WASHINGTON (Mar. 8)
U.S. aid to Israel and the Palestinian Authority promised during last October’s Wye peace talks is intrinsically linked and must move forward as one package, according to a senior State Department official.
Responding to Israeli concerns that the United States was preparing to deliver money to the Palestinians but not to the Israelis, Stuart Eizenstat, the U.S. undersecretary of state for economics, said Monday that the aid packages are “locked at the hip.”
Speaking at the Washington Institute for Near East Policy, Eizenstat called a recent report in the Israeli daily Ha’aretz “grossly inaccurate” and “literally 180 degrees off.”
The newspaper reported that during meetings in Israel last week, Eizenstat told the Israelis that the United States would delay $1.2 billion promised over three years to Israel, while the Palestinians would begin to receive $400 million promised over three years.
The paper said the distinction was being made because the Palestinians had carried out their obligations under the Wye peace agreement, while the Israelis had not.
The Wye agreement stipulated further Israeli redeployments from the West Bank according to a specific timetable that coincided with specific Palestinian steps to crack down on terrorism.
In the wake of the Ha’aretz report, Israeli officials accused the United States of meddling in Israel’s election campaign by implying that Israeli Prime Minister Benjamin Netanyahu’s peace policies were costing the Jewish state $1.2 billion in aid.
Seeking to knock down the report, Eizenstat said, “We consider the Palestinian and Israeli package to be part of one pledge that will move together.”
When pressed whether the aid would be delivered together or simply passed by Congress together, Eizenstat said, “As a practical matter, just like the Israeli and Palestinian economics are locked at the hip, so too is this aid package.”
The aid, however, remains contingent on the implementation of the Wye agreement, other U.S. officials said.
“We believe there will be implementation on both sides and aid will go forward under these circumstances,” Eizenstat said.
The latest flare-up is the second time that Israel and the United States have locked horns over this specific aid package, which goes beyond the normal foreign aid package.
After initial concerns that U.S. aid would go to beef up security for West Bank settlements, the Clinton and Netanyahu administrations carefully negotiated a detailed plan to spend the money on the direct costs of Israel’s promised redeployments in the West Bank.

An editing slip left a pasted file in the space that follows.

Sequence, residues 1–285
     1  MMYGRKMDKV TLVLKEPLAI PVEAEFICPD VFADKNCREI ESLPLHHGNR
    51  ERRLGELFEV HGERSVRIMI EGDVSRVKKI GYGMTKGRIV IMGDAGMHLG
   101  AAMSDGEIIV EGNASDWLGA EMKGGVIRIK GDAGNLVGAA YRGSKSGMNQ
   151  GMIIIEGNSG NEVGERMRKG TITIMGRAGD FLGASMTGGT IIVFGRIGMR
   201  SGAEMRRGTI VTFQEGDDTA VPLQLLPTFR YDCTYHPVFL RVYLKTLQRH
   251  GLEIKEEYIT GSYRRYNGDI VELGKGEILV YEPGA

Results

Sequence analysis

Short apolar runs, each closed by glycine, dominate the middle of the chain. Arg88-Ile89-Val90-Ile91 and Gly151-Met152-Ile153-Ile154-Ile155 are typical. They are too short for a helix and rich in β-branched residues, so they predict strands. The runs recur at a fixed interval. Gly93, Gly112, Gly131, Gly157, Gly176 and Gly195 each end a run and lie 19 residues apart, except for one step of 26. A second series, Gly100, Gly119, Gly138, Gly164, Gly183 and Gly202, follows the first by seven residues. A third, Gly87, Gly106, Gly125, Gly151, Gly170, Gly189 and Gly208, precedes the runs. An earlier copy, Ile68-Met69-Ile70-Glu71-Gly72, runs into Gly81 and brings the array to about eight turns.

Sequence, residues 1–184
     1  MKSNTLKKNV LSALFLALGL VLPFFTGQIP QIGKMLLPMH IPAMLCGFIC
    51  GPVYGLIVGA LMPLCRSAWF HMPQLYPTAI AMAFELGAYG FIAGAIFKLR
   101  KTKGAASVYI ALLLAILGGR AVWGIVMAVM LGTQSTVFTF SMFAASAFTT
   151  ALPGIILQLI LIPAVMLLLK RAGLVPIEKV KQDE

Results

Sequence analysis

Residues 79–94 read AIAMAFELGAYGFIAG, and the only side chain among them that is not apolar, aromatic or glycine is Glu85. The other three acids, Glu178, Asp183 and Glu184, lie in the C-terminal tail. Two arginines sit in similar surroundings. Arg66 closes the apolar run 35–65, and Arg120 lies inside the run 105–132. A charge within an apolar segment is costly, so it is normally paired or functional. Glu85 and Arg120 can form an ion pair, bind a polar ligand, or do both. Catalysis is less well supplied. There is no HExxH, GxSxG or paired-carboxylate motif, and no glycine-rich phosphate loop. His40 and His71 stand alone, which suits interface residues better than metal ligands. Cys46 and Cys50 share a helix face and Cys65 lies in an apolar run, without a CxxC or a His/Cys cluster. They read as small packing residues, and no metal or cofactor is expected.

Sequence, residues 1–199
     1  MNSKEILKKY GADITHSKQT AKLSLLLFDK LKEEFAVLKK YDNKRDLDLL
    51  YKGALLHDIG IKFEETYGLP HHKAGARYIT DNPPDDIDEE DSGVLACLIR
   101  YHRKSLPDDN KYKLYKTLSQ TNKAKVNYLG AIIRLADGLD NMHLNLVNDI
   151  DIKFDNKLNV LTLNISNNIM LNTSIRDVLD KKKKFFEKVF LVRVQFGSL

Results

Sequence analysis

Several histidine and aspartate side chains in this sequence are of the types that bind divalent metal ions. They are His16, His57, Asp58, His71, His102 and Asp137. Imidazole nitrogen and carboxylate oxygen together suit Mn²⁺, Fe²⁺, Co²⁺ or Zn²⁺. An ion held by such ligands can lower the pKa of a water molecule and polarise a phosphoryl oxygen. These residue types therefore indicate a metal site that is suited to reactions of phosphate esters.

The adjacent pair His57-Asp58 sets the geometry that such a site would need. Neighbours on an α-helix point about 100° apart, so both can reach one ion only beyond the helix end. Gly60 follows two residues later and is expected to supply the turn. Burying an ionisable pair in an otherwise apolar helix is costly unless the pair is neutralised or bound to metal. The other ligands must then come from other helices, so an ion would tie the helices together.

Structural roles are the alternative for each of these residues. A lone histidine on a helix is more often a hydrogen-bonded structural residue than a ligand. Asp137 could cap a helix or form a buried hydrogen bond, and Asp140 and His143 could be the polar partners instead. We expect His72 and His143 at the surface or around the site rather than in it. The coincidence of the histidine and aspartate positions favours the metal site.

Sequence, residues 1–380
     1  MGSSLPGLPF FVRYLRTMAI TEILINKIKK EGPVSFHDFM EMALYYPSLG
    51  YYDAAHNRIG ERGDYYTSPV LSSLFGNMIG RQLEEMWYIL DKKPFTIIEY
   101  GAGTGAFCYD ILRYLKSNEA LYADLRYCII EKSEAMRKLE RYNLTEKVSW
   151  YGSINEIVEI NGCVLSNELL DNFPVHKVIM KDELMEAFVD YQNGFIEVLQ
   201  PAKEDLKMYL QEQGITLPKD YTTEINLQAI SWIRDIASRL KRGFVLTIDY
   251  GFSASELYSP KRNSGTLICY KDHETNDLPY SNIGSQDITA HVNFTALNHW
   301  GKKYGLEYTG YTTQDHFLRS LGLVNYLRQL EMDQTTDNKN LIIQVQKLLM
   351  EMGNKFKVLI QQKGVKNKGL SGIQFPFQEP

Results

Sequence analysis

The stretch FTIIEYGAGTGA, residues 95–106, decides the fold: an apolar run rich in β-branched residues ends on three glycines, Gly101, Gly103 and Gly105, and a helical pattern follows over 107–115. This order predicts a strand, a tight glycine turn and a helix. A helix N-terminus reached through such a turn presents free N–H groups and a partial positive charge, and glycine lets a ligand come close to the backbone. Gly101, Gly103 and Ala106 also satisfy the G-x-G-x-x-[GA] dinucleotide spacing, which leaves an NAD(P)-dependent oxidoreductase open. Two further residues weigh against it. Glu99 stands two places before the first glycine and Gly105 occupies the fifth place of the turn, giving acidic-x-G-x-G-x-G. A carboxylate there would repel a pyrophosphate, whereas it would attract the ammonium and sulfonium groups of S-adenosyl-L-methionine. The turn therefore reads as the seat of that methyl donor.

The debate came as a Senate committee last week agreed to provide an immediate $100 million to Jordan, also promised at the Wye talks. Under the plan, Jordan would receive a total of $300 million over three years.
Eizenstat said he sought to reassure Arens that the Jordan portion of the supplemental aid package was expedited because of economic urgencies in the wake of King Hussein’s death.
Meanwhile, the request for Israeli and Palestinian aid is bogged down in Congress over disagreement about how to pay for the aid, which is in addition to the almost $3 billion annual foreign aid package to Israel and the $100 million for the Palestinians.
Under budget rules agreed to by Congress and the White House, all new spending must be offset by cuts in other programs or by tax increases.
Congressional and administration officials are currently working on a plan to identify potential cuts that would not involve tax increases, congressional and administration officials said.
Late last week, 76 members of the House of Representatives and 50 senators sent letters to President Clinton supporting the Wye aid package in spite of the difficulty finding the resources to pay for it.
“Although we understand the constraints on the budget, we believe fulfilling our commitments made at Wye must be among our highest priorities,” the House members wrote.
Expressing similar sentiments, the senators wrote, “The Wye aid package should be provided as promised, with both parties fulfilling their commitments made at Wye.”
In the meantime, the State Department is continuing to work with the Israelis and Palestinians to put the peace process back on track.
“It’s difficult for the economic side of the process to get in front of the political side,” Eizenstat said.